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PyPI Repository Enforces Mandatory 2FA Policy for Critical Python Projects


July 11, 2022

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PyPI Repository Enforces Mandatory 2FA Policy for Critical Python Projects

Python Package Index (PyPI), the official third-party open-source Python projects repository, is taking steps to enforce a mandatory 2FA policy for “critical” project maintainers.

The new security policy affects both ‘Maintainers’ and ‘Owners’ of projects flagged ‘Critical’ by the repository.

“We've begun rolling out a 2FA requirement: soon, maintainers of critical projects must have 2FA enabled to publish, update, or modify them," PyPI announced in a tweet last week.

Additionally, the repository’s maintainers offer free hardware security keys to critical project developers. To be eligible, project owners or maintainers must have not previously enabled 2FA on PyPI and they must live in an area where shipping is possible.

While most repository members welcomed the mandatory 2FA decision, some opposed it. The developer of one popular Python project chose to delete and republish their code on PyPI to annul the “critical” tag assigned by the platform.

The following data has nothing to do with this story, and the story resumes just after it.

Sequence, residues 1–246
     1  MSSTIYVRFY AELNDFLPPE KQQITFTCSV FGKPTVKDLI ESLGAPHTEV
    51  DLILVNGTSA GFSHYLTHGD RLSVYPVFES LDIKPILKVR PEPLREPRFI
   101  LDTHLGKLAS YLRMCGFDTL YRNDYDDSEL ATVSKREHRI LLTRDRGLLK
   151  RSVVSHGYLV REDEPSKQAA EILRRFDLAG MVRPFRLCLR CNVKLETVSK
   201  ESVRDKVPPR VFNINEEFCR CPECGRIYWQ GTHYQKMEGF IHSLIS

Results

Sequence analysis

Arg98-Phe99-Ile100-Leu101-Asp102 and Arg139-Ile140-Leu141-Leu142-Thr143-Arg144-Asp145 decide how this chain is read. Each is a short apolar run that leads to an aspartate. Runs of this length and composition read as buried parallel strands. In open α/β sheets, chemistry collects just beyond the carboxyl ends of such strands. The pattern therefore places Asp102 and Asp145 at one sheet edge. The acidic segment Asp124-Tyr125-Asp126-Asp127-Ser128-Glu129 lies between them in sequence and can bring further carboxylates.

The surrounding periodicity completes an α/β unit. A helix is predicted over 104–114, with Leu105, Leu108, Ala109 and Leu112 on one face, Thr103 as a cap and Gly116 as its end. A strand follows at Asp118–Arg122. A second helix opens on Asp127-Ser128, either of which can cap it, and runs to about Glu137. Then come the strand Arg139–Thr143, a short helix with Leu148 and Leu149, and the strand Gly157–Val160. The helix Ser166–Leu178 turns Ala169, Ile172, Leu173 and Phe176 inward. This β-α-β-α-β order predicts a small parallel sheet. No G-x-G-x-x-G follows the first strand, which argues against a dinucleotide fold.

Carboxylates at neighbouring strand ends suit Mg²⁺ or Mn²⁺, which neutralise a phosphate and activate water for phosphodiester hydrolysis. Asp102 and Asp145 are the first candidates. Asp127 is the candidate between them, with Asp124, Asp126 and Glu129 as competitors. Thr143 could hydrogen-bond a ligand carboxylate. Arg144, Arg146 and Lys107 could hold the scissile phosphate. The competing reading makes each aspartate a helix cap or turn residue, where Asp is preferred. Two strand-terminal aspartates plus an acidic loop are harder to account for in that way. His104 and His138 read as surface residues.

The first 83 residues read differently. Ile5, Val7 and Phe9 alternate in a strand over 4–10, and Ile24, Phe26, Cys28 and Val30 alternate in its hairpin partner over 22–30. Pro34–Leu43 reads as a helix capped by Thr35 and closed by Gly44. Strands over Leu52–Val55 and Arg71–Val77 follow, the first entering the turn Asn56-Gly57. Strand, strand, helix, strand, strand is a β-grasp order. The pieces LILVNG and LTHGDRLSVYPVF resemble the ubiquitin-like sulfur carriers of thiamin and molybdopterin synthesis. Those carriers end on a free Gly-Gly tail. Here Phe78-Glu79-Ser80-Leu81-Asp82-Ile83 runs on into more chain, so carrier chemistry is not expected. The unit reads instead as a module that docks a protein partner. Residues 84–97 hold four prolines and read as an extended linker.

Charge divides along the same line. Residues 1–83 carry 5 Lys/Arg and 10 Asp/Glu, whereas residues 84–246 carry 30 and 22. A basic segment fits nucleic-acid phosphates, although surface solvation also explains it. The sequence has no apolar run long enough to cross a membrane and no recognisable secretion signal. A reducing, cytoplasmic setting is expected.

PyPI maintainers said the top 1% most downloaded projects on the platform are all deemed critical. The algorithm checks daily for projects that make the cut and labels them as necessary, constantly expanding the list.

On the other hand, projects flagged as “Critical” are expected to keep the label for good, even if they are eventually excluded from the top 1% download list.

Currently, the repository hosts north of 350,000 projects, which means that over 3,500 projects will be designated “Critical” after the 2FA decision.

PyPI’s decision to mandate 2FA likely stems from recent security incidents regarding legitimate projects getting hijacked on open-source platforms such as PyPI and npm.

“Ensuring that the most widely used projects have these protections against account takeover is one step towards our wider efforts to improve the general security of the Python ecosystem for all PyPI users,” PyPI said.




Vlad's love for technology and writing created rich soil for his interest in cybersecurity to sprout into a full-on passion. Before becoming a Security Analyst, he covered tech and security topics.

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